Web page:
Any conversation involving the most complete, two–way forwards in the NHL has to include St. Louis captain David Backes, who looms among the most intriguing unrestricted free agents this summer. With Kevin Shattenkirk, Alex Steen and Brian Elliott up for contract renewal after next season — and with big money already committed to Vladimir Tarasenko, Paul Stastny, Alex Pietrangelo and Jay Bouwmeester — the Blues may not be able to retain their on–ice leader. At 32, Backes won’t be in the prime of his career much longer, but a team signing him for the next half–decade will surely get two or three years of front–line service. One would therefore assume Backes will either remain in St. Louis or join a club in similar Cup contention. That said, the Toronto Maple Leafs — not nearly yet at such a level — would hardly waste money by signing the Robbinsdale, Minn. native. Mike Babcock would instantly have his next captain and go–to guy; a player that leads by example and would remove considerable encumbrance from newbies Auston Matthews, William Nylander and Mitch Marner. Backes isn’t as young as Steven Stamkos and won’t cost nearly as much on the open market. He’d become the coach’s trump card — someone Babcock could point to when others may be slacking. Among the most respected players in the NHL, Backes has six goals and 12 points in 14 Stanley Cup games this spring and can be counted on to produce 45 to 60 points in the regular–season. If the youthful Leafs are looking for a determined player, full of character, that has proven he can elevate performance as the stakes increase, Backes would be an ideal addition this summer. No individual may be more capable of teaching the young Maple Leafs how to win.

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A HAPPY DAVID BACKES SKATES TOWARD A POST–GAME INTERVIEW WITH PIERRE McGUIRE OF THE NBC SPORTS NETWORK ON WEDNESDAY NIGHT IN DALLAS. NBC/SPORTSNET IMAGES

BLUES WOULD RE–CREATE EXPANSION HISTORY

Coached by Scotty Bowman at the beginning of his incomparable career, the St. Louis Blues appeared in the Stanley Cup final during the first three years of the expanded NHL, representing the six–team West Division in 1968, 1969 and 1970. Graced by such legendary players as Glenn Hall and Doug Harvey — and having acquired the first “superstar” of expansion, Red Berenson, from the New York Rangers — the Blues were the cream of the six new clubs.  Though rather competitive, Bowman’s team did not win any of its 12 Cup final games, being swept by Montreal (twice) and Boston. Nor have the Blues since been back to the championship round. It was 46 years ago Tuesday that Bobby Orr beat goalie Hall with the iconic 1970 Cup winner in overtime at the Boston Garden. The Blues did come close in 1986 by virtue of the so–called Monday Night Miracle, which occurred 30 years ago tonight at the old St. Louis Arena. The home team, facing elimination, entered the third period of Game 6 in the Campbell Conference final trailing the Calgary Flames, 4–1. It was 5–2 for Calgary with 12 minutes remaining when goals by Brian Sutter and Greg Paslawski (twice) forced overtime. At 7:30 of the first extra frame, the late Doug Wickenheiser completed the Blues’ startling comeback for a 6–5 victory that prompted a seventh and deciding match, two nights later, at the Saddledome. But, it was not to be for St. Louis. A tight, 2–1 triumph sent Calgary to the Cup final, where the Flames lost in six games to rookie Patrick Roy and the Montreal Canadiens.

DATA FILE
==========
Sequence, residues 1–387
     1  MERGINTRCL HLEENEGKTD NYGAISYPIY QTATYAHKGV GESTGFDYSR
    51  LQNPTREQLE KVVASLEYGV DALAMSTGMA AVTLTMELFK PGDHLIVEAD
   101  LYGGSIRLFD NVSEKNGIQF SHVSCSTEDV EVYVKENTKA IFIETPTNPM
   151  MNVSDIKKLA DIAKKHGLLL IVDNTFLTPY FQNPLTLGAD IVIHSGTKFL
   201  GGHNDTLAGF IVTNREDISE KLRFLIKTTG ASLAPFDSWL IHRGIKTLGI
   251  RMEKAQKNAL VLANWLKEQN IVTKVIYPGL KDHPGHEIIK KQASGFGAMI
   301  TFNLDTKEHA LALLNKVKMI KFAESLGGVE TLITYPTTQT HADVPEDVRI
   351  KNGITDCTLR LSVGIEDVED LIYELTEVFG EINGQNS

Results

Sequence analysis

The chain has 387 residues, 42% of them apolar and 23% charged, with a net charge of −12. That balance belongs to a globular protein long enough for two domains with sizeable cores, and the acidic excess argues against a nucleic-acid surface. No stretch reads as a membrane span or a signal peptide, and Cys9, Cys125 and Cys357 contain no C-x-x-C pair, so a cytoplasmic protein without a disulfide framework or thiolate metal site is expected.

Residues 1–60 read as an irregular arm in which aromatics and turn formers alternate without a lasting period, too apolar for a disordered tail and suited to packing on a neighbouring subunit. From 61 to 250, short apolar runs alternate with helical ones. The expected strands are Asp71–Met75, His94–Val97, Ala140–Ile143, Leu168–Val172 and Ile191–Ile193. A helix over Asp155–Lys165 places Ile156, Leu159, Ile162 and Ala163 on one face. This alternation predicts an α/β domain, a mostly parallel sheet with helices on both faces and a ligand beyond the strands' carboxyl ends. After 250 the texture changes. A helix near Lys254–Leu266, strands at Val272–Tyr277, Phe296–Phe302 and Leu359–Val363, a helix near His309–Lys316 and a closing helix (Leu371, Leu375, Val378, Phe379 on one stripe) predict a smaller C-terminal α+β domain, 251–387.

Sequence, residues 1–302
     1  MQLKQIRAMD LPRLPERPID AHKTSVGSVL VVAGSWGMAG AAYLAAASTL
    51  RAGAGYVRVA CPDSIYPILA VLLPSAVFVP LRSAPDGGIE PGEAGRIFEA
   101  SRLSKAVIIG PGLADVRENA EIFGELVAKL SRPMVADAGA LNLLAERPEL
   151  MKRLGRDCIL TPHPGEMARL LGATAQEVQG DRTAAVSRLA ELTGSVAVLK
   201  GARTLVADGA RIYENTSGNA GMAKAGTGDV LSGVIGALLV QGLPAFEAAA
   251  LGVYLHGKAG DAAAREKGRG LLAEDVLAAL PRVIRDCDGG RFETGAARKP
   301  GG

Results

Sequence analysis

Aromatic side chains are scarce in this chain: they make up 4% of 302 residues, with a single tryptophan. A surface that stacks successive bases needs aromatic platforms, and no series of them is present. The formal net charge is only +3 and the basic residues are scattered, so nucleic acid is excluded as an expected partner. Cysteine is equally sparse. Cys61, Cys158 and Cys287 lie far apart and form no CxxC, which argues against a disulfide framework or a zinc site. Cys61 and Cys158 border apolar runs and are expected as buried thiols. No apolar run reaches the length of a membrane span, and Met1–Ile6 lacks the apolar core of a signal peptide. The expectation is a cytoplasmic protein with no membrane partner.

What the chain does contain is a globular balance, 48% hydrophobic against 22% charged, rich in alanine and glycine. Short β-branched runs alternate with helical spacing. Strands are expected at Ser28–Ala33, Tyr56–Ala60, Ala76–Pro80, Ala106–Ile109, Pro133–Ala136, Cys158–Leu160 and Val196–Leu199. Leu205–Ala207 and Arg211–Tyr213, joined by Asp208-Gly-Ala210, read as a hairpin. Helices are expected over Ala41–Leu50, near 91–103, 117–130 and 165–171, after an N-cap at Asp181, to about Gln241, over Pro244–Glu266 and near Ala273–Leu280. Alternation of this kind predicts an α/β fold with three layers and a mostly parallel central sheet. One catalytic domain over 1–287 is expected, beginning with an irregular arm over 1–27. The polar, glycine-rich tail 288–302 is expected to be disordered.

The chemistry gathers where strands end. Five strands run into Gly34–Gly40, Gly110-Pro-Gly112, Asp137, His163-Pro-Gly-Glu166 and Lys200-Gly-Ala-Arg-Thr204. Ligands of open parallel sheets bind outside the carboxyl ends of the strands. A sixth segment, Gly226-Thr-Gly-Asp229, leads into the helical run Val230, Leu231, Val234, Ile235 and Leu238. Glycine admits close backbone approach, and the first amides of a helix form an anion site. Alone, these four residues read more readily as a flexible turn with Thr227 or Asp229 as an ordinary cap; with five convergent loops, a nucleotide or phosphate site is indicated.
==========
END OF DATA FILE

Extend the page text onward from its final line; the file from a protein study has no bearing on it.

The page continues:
A booklet in 1968–69 celebrated the Blues’ first NHL season:

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GREAT FACES

Perhaps the next time I run into either of Don Cherry or Ron MacLean, I’ll be strangled for posting these images. But, I couldn’t resist. Their facial expressions were epic during an argument on Coach’s Corner Tuesday night over the size of the glass in NHL arenas, and whether it should fit uniformly around the circumference of each rink. The gab–fest took place moments after Pittsburgh eliminated Washington by surviving three consecutive delay–of–game penalties in just more than two minutes of the third period. The Capitals did even the match with a powerplay goal, but could have done infinitely more damage. As it were, Nick Bonino’s rebound tally at 6:32 of overtime sent the Capitals packing in Game 6 of the East semifinal:

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SMALLEST CROWD EVER

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NHLUNIFORMS.COM

I laughed out loud the other day while looking through a back–issue of THE HOCKEY NEWS and a typo in the summary of the Minnesota at Oakland NHL game from Jan. 14, 1970. We know the Seals had attendance issues during all nine of their seasons at the Oakland Coliseum–Arena (today Oracle Arena, home of the NBA Golden State Warriors). But, never was it so bad as during the visit, below, by the North Stars — viewed by only one ten–thousandth of a person:

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EMAIL: HOWARDLBERGER@GMAIL.COM